Sunday, March 24, 2013

Book Review: The Mystery Off Glen Road by Julie Campbell (Trixie Belden #5)


Stars: 2 out of 5
Pros: A few fun character moments
Cons: Everything about the plot
The Bottom Line:
The plot makes no sense
Few characters moments are
Barely worth reading




The First Stumble

No matter how much you love a series, not everything about it is perfect. I will admit that at times my love can cover a multitude of sins. But that's not always the case.

Take The Mystery Off Glen Road, for example. It's the fifth in the Trixie Belden series, a series of kid's mysteries that I still read and love even as an adult. Yet this book isn't the reason why. In fact, if I had started here, I might have quit before I read any further.

Thirteen year old Trixie and her friends live in Sleepyside on the Hudson, New York. They have just formed a semi-secret club called the Bob Whites of the Glen (since they live on Glen Road), and have fixed up the old gatehouse on the Wheeler property as their clubhouse.

When a hurricane blows through Sleepyside, it blows a tree into the just completed clubhouse. Now the Bob Whites must figure out some way to get the money to fix it before winter comes and ruins everything inside. When Trixie's older brother Brian donates the money he had been saving to buy a neighbor's car, Trixie and her best friend Honey Wheeler work overtime to come up with some way to repay him. They hit upon the idea of patrolling the Wheeler's game preserve. But when Trixie begins to suspect that a poacher is on the loose, the girls may have more then they can handle.

Now, before I trash it, I'll give the other side. Many fans absolutely love this book because of the character interactions. I'll admit, the well developed characters are one of the things that still draws me to this series. And there are some great character moments here. But laughing along with the characters and sharing their friendships isn't enough to save this book.

You see, I like the characters I love to be in a good story. And that's just not the case here. Now, I often miss plot holes or errors on a first go around. But the first time I read this book, I was furious with the ending. It made absolutely no sense to me then and still makes no sense to me almost 20 years later. And the plot that gets us to that weak ending is incredibly thin. I've often joked that the title really should be The Non-Existent Mystery off Glen Road. Heck, even I didn't believe one of Trixie's theories, and I have bought some of her crazier ones. Since the plot is so thin, the book is enhanced by pages of Trixie and Honey talking without advancing anything. The slow pace really gets to this action oriented guy long before the final page.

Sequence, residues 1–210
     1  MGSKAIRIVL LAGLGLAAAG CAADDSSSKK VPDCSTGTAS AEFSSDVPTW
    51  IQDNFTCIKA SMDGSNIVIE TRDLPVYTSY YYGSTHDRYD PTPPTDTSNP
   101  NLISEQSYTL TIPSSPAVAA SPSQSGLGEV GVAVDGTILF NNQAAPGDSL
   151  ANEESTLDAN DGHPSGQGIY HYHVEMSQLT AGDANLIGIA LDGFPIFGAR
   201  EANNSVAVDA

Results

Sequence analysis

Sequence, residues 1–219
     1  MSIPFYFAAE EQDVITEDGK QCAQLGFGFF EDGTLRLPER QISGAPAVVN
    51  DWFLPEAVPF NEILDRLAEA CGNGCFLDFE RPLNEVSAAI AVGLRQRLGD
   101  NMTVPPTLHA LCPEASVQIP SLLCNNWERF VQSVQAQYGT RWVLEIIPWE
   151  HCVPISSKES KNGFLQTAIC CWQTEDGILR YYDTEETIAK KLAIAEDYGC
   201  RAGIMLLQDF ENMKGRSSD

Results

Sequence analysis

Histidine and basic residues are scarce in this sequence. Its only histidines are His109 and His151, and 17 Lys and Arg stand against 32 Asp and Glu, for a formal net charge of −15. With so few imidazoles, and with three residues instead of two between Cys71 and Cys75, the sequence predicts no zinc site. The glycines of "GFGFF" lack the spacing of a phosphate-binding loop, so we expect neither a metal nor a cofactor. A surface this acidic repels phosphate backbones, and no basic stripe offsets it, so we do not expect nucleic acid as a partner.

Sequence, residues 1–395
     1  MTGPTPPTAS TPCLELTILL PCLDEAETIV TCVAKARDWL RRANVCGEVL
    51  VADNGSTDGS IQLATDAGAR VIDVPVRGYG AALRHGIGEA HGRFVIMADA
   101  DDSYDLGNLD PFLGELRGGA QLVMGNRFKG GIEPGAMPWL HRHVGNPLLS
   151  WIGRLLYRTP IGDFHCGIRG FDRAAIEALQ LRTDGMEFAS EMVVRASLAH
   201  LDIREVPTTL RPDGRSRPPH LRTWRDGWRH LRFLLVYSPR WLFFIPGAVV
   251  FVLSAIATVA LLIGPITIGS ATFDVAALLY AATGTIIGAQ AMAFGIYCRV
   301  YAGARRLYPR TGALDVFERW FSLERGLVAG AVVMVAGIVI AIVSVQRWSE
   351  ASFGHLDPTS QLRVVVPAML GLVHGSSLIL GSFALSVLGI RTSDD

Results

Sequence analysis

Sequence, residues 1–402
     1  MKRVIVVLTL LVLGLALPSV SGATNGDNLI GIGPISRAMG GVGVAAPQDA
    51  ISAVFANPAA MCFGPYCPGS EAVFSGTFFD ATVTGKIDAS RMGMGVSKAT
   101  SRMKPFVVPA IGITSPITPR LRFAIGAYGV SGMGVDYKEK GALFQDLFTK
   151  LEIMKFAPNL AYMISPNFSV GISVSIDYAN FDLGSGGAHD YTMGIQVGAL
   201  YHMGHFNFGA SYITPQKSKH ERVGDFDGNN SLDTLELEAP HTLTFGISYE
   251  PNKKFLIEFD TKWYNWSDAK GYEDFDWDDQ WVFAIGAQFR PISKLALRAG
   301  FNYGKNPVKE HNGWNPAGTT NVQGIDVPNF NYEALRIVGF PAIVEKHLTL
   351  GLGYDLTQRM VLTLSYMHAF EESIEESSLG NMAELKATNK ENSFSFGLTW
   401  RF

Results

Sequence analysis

If you like Trixie, you'll want to read The Mystery Off Glen Road and form your own opinion. However, if you are new to this wonderful girl detective, start with the first four. They are much better books to get you as addicted as I am to Trixie and her friends.

And if you do like Trixie, you'll be interested in the rest of the Trixie Belden Mysteries.

3 comments:

  1. While I do like the later books better than Julie Campbell's, I did not think this one was especially bad. But that's the beauty of having different tastes

    ReplyDelete
    Replies
    1. There are a lot of people who love this one. While I love well done characters, I must have a story that interests me, and this one just doesn't cut it.

      Delete
  2. Interesting that the end made you furious because it made no sense to you -- I was wondering when I last re-read it why I didn't get mad over the ending the way I did with a similar book, and I think it's because this time I saw it coming a mile away. Not sure why, since the book has some major logic flaws, but for whatever reason I never got as caught up in things as Trixie did, so didn't end the book feeling the author cheated.

    OTOH, I really hated the "Trixie crushing on Ben" subplot. For one thing, I saw the fatal flaw in her plan way before Trixie did, so the whole time I thought she was making a fool of herself for nothing.

    ReplyDelete